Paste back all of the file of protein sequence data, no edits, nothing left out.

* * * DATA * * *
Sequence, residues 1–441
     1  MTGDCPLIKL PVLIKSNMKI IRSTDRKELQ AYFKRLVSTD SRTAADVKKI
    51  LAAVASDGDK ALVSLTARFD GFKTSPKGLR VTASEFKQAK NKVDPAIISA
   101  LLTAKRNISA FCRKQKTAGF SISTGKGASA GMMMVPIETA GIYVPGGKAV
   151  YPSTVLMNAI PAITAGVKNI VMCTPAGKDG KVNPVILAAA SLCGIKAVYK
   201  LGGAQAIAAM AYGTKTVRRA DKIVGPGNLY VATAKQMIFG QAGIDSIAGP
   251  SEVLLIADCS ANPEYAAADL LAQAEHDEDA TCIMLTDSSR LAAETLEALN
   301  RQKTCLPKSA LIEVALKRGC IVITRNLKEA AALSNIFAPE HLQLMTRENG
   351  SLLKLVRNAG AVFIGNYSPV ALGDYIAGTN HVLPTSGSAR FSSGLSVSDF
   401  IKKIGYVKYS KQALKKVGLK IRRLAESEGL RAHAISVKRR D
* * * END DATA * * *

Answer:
Sequence, residues 1–441
     1  MTGDCPLIKL PVLIKSNMKI IRSTDRKELQ AYFKRLVSTD SRTAADVKKI
    51  LAAVASDGDK ALVSLTARFD GFKTSPKGLR VTASEFKQAK NKVDPAIISA
   101  LLTAKRNISA FCRKQKTAGF SISTGKGASA GMMMVPIETA GIYVPGGKAV
   151  YPSTVLMNAI PAITAGVKNI VMCTPAGKDG KVNPVILAAA SLCGIKAVYK
   201  LGGAQAIAAM AYGTKTVRRA DKIVGPGNLY VATAKQMIFG QAGIDSIAGP
   251  SEVLLIADCS ANPEYAAADL LAQAEHDEDA TCIMLTDSSR LAAETLEALN
   301  RQKTCLPKSA LIEVALKRGC IVITRNLKEA AALSNIFAPE HLQLMTRENG
   351  SLLKLVRNAG AVFIGNYSPV ALGDYIAGTN HVLPTSGSAR FSSGLSVSDF
   401  IKKIGYVKYS KQALKKVGLK IRRLAESEGL RAHAISVKRR D